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Summary:

Big Media companies, get ready for more competition, this time from Yahoo, which is finally embracing its inner media company. Yahoo is planning to launch a new News blog that will combine traditional reporting and linking, according to Andrew Golis, deputy publisher of Talking Points Memo, […]

yahoo-office.pngBig Media companies, get ready for more competition, this time from Yahoo, which is finally embracing its inner media company. Yahoo is planning to launch a new News blog that will combine traditional reporting and linking, according to Andrew Golis, deputy publisher of Talking Points Memo, who is joining the new effort. He blogged about his move, noting that the name and other details of the effort will be outlined soon. Yahoo is already a top news site and this new blog is going to be part of Yahoo News.

Yahoo is following in the footsteps of AOL, which has benefited from its ownership of Weblogs’ family of blogs. AOL has extended that knowledge and built a big network of popular web destinations that are helping it rustle up display dollars. With their big Internet audiences, both AOL and Yahoo have an opportunity to push the main media entities into the background.

The sheer scale of these companies will make them attractive options for large brands that are shifting their dollars from the dying print and television media to the web. For newspapers with healthy web traffic: Time to start thinking about how you’re going to sink or swim in this era in which you’re going to compete with Yahoo and AOL. (Related post: Why for AOL, the Future is Content.)

  1. Why would anyone read it? Sure, Yahoo is a top news site, but what that really means is a news aggregator — if I go there at all, it’s to see what other, *credible* news sites have written. Yahoo itself has zero credibility in the news-origination business, and hiring the deputy publisher of a well-read political blog ain’t gonna change that. Companies like Yahoo need to get real: credibility in news these days is a precious commodity, and very few outlets have it — The Economist, for one, gets this and is prospering as a result (and yes, I’m biased, I used to be The Econ’s NY bureau chief). This is just another dumb me-too strategy, and Yahoo’s chances of challenging Big Media on its own turf (i.e., originating news) are just about zero. Sure, Yahoo can score on quantity, but until they grok the value of quality, they’re gonna be just another me-too aggregator. Which means their audience will up and leave the minute a cooler aggregator comes along.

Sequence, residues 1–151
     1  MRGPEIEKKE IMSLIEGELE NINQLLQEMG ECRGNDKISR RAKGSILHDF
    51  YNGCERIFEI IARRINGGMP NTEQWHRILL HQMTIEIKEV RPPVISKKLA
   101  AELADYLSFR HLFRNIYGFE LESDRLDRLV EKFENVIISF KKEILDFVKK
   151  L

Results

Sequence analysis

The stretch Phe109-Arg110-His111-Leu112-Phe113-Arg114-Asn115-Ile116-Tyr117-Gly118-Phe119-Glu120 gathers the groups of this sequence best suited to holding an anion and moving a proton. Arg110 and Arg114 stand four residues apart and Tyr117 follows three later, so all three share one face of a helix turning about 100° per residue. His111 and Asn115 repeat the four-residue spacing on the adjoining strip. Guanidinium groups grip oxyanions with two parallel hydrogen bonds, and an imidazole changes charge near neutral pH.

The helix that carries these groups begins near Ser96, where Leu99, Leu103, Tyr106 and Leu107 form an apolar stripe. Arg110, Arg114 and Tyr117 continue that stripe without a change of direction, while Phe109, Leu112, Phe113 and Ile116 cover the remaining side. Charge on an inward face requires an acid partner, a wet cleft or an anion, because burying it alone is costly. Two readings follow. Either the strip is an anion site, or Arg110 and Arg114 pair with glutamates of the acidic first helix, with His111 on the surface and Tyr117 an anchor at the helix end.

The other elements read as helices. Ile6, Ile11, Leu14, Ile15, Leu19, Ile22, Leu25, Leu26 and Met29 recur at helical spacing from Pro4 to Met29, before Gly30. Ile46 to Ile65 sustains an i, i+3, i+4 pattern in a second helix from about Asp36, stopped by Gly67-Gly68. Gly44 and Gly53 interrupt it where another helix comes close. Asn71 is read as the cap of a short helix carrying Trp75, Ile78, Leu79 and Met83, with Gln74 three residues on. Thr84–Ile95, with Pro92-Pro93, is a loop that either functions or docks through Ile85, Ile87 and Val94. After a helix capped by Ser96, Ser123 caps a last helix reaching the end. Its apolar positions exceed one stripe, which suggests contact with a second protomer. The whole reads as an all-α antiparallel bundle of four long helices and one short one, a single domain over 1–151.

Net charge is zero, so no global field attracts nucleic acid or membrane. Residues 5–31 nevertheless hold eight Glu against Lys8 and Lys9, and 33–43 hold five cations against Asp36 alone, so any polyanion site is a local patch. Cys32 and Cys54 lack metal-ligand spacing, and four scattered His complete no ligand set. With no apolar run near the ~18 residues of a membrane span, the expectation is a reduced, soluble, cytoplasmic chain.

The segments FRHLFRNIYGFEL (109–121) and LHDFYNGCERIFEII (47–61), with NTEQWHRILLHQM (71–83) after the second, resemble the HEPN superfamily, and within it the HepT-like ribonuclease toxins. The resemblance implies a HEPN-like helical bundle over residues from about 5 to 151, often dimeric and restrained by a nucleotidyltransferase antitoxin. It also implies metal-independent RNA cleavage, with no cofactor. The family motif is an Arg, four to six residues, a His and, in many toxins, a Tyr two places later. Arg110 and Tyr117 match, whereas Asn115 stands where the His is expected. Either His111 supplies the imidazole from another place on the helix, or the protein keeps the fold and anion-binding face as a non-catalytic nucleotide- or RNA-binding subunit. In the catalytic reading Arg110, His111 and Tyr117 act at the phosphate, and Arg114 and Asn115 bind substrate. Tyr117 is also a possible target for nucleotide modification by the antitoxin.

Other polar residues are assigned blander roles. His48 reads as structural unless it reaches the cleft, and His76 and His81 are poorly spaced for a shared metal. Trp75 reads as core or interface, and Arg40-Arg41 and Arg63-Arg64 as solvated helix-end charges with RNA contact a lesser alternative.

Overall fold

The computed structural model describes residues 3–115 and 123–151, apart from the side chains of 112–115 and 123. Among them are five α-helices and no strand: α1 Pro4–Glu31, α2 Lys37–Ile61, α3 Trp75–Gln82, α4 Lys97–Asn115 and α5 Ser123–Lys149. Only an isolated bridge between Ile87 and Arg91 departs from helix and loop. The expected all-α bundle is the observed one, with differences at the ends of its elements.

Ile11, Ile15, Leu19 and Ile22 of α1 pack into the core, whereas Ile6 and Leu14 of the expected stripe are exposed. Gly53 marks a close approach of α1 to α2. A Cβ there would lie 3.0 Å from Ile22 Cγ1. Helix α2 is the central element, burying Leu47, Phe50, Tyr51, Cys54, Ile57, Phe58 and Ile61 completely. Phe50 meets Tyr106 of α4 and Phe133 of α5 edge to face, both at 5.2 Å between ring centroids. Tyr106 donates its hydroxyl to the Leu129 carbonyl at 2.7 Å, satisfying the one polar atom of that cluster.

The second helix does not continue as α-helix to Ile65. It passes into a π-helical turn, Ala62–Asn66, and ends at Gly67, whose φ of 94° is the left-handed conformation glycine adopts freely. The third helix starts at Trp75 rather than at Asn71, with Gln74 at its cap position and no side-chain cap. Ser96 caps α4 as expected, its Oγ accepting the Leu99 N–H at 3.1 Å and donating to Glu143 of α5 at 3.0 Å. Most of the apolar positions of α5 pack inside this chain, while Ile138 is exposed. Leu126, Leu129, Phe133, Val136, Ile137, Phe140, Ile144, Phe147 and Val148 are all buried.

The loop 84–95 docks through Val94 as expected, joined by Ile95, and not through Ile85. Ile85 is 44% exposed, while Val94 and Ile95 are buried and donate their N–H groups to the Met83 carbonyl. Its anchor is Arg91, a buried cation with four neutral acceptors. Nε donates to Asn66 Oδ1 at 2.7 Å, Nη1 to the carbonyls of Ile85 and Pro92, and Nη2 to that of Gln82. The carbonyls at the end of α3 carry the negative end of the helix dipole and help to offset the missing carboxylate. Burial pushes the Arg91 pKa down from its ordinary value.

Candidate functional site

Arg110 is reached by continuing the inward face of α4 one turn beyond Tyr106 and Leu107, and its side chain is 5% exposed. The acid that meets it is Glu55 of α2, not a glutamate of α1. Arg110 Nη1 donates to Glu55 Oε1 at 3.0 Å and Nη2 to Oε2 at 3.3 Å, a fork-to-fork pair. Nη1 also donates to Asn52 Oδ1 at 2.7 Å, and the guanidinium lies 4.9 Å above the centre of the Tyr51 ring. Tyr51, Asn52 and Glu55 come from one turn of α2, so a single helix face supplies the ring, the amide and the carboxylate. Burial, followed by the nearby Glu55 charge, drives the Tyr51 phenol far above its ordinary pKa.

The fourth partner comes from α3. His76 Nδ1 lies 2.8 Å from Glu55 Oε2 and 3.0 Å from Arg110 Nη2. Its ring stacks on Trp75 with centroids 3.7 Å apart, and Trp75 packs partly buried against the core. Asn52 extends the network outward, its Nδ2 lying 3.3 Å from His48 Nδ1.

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    1. Peter

      I respectfully disagree about Yahoo! The fact of the matter is that with right kind of writers, it can build a nice and respectable brand which can be competitive to the newspapers. It can do original journalism and marry it to the aggregation. I

      You talk about credibility of The Economist and no one, much less would argue that, after all it is the only magazine I still read on paper. I think the big media entities are unfortunately not the Economist. I think with the exception of a handful, they are all going to be navigating through rough seas.

      http://gigaom.com/2009/05/17/how-internet-content-distribution-discovery-are-changing/

      And having built this business, I know it is not smart to discount the traffic a large site like Yahoo enjoys. That firehose can be used to build an interesting destination.

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      1. Om,

        I certainly don’t think it’s impossible to build a decent online news brand from scratch. Indeed, you could argue that TPM has done just that, although I don’t really see it as a source for news, rather as a source of commentary (some of it original, and all of it nicely done). But none of the online news/commentary sites has really broken through to challenge Big Media; even the Huffington Post is still stuck in the new media echo chamber. At least in my view.

        But I think Yahoo has a particular credibility problem. Sure, it’s a high-traffic aggregator, but I think its users see it as such — a portal to the news, but nothing more… a pass-through, if you like. Perhaps Yahoo can blend some original reporting and commentary into the mix, but that would require a huge staff if it’s going to be done properly. AOL, as you know, has staffed up immensely in this area, yet I don’t see it gaining any credibility as a “news organization.” Does anyone really mention it in the same breath as CNN, MSNBC, the BBC, and other established news originators? I don’t see that, and I really don’t see it happening for Yahoo either. Maybe it’s me.

        I agree about my alma mater: it is playing its offline and online hands immensely well, and in an era when every news/commentary organization is losing credibility, it is heading in the other direction. But it has done that by sticking very close to its core brand proposition. (And in fact where it hasn’t — a number of acquisitions come to mind — it has failed dismally, much to the dismay of shareholders… like me, LOL). Yahoo, by contrast, is straying far from its brand proposition (whatever that really is — I can’t tell these days), which is another reason I’m pessimistic.

        But then I’m often pessimistic… :)

        Cheers, Peter

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